Once the cake is completely cool, you’re ready to decorate and serve. Get it on a serving platter and spread the top with salted caramel frosting. Pile the sliced apple on top. For a spectacular finish, drizzle with more salted caramel topping, letting it drip down the side of the cake. Cut into wedges to serve – you should get 12 serves from this cake, so it’s great for smaller celebrations.

Now get cooking

This apple cake recipe is a perfect all-rounder for simple celebrations or to enjoy with a cuppa for morning or afternoon tea. Want more fresh apple cake ideas? Master the art of apple cakes with Curtis Stone’s must-try recipes for caramelised apple upside-down cake and apple cinnamon custard cake. For a mixed fruit tea cake, try our blackberry and apple streusel cake. Or, for a sweet surprise, make our apple pie cupcakes and decorate them with homemade cinnamon apple chips. All out of apples? Grab a jar of apple sauce to make our spiced apple cake with brown butter icing . Plus, find more must-try cakes in our dessert recipes collection.

Nutrition Information

Per Serve

Energy: 1977kJ/473 Cals (23%)

Protein: 5g (10%)

Fat: 24g (34%)

Sat fat: 15g (63%)

Carb: 58g (19%)

Sugar: 39g (43%)

Fibre: 2g (7%)

Sodium: 214mg (11%)


  • How to store apple cake?
    Place any leftover apple cake in an airtight container and keep in the fridge for up to 3 days – to prevent the apple slices from browning, brush them with lemon juice.

  • Can I freeze apple cake?
    You can freeze the iced cake without the apple topping, but it’s better to freeze the uniced cake ahead, then thaw and decorate before icing. Wrap the cake well in plastic wrap and foil, then freeze for up to 3 months.

  • Can I use this recipe to make apple cupcakes?
    Line 1/3 cup (80ml) muffin pan holes with paper cases and spoon batter evenly among the cases. Don’t overfill them – they should be two-thirds to three-quarters full to avoid the batter spilling over as it rises. Reduce the baking time to 25-30 minutes or until a skewer inserted in the centres comes out clean. 

  • What oven setting should I use?
    All Coles recipes are tested using a conventional oven. If you have a fan-forced oven, reduce the baking temperature by 20°C from 180°C to 160°C.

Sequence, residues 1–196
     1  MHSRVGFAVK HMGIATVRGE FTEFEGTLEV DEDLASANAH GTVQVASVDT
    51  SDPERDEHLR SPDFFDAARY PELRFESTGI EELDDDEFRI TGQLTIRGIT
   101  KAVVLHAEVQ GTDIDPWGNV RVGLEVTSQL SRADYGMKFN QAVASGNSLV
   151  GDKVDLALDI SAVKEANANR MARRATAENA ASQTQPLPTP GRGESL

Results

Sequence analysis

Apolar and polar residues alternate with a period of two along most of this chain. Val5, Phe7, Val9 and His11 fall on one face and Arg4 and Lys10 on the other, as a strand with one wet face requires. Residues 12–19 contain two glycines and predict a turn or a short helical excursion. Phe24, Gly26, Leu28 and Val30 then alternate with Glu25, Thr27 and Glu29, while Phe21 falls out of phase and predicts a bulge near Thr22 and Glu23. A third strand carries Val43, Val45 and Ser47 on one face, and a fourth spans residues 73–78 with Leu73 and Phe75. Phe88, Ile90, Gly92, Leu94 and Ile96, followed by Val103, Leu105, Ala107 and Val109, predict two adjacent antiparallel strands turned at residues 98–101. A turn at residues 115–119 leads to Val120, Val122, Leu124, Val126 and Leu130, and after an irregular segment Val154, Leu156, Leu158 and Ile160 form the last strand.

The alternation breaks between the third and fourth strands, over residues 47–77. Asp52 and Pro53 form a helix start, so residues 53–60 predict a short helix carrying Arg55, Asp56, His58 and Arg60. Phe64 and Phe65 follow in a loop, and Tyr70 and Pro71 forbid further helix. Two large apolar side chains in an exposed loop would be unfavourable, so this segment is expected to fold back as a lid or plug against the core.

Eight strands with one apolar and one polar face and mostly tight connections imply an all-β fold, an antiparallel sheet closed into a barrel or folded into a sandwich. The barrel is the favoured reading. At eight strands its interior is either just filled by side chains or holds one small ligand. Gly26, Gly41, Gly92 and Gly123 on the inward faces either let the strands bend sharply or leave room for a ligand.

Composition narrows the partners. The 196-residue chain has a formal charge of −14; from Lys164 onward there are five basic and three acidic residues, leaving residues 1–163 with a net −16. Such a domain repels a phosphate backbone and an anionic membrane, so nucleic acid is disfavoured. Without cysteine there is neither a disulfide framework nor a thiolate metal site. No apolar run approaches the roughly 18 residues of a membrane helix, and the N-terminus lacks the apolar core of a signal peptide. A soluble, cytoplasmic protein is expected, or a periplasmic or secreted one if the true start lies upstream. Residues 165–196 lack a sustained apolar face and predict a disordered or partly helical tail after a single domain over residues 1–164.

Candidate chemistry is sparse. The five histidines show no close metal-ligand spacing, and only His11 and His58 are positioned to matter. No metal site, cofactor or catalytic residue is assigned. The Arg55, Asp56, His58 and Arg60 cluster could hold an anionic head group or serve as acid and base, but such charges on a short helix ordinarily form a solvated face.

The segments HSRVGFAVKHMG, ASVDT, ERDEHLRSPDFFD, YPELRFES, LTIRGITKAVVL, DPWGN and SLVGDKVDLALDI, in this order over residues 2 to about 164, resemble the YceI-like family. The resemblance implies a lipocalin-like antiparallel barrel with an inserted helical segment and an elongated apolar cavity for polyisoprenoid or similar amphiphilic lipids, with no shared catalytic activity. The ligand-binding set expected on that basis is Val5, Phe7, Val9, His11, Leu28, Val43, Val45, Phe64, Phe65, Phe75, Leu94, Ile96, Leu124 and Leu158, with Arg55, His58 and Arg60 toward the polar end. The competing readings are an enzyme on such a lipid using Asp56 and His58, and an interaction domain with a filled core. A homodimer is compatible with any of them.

• Can I bake this cake in the air fryer?
    Air fryers cook cakes faster than conventional ovens, so use the same temperature as you would for a fan-forced oven – 160°C. Aim for 45–55 mins baking time and use a skewer to check the cake is cooked in the centre. If the top overbrowns, trim before decorating.

  • Can I make this cake gluten free?
    For a gluten-free cake, use gluten-free self-raising flour and wheat-free icing sugar mixture or sifted pure icing sugar. Remember to check all labels, including the decorations, to make sure you’re using gluten-free ingredients.

  • How can I make this cake healthier?
    Try it with wholemeal self-raising flour and wholemeal plain flour, and swap the sour cream for Greek-style yoghurt. You can leave out the caramel topping and serve the cake without icing.

  • What variations can I make on this apple cake?
    Swap the apple for pear to make a simple pear cake. For an apple and custard cake, swap the caramel topping in the cake for bought vanilla custard. For apple cinnamon cake, swap the salted caramel frosting in the cake for cinnamon sugar.

  • What other icings are good with apple cake?
    For maple icing, swap the caramel topping in the cake for maple syrup. For vanilla icing, swap the caramel topping for 1 tsp vanilla extract and x tsp milk.

  • What can I do with leftover apple cores and peel?
    Save your apple peels and cores, then use to make apple tea. Place in a saucepan with water (250ml per apple), 1 cinnamon stick and 3 cloves. Simmer for 10 mins, then strain.

Check ingredient labels to make sure they meet your specific dietary requirements and always consult a health professional before changing your diet. View dietary information here.